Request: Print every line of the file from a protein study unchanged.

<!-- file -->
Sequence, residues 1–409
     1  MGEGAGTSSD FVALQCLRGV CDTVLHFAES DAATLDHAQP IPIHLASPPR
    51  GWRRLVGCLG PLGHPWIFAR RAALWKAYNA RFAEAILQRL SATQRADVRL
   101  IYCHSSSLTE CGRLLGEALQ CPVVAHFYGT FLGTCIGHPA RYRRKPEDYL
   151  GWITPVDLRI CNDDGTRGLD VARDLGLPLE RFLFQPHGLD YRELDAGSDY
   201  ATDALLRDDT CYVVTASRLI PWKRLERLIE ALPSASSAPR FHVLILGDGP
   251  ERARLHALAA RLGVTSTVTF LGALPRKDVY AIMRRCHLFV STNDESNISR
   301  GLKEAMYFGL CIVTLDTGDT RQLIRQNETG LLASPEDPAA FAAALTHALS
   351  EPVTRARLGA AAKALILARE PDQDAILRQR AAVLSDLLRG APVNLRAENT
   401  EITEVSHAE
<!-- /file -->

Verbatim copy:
Sequence, residues 1–409
     1  MGEGAGTSSD FVALQCLRGV CDTVLHFAES DAATLDHAQP IPIHLASPPR
    51  GWRRLVGCLG PLGHPWIFAR RAALWKAYNA RFAEAILQRL SATQRADVRL
   101  IYCHSSSLTE CGRLLGEALQ CPVVAHFYGT FLGTCIGHPA RYRRKPEDYL
   151  GWITPVDLRI CNDDGTRGLD VARDLGLPLE RFLFQPHGLD YRELDAGSDY
   201  ATDALLRDDT CYVVTASRLI PWKRLERLIE ALPSASSAPR FHVLILGDGP
   251  ERARLHALAA RLGVTSTVTF LGALPRKDVY AIMRRCHLFV STNDESNISR
   301  GLKEAMYFGL CIVTLDTGDT RQLIRQNETG LLASPEDPAA FAAALTHALS
   351  EPVTRARLGA AAKALILARE PDQDAILRQR AAVLSDLLRG APVNLRAENT
   401  EITEVSHAE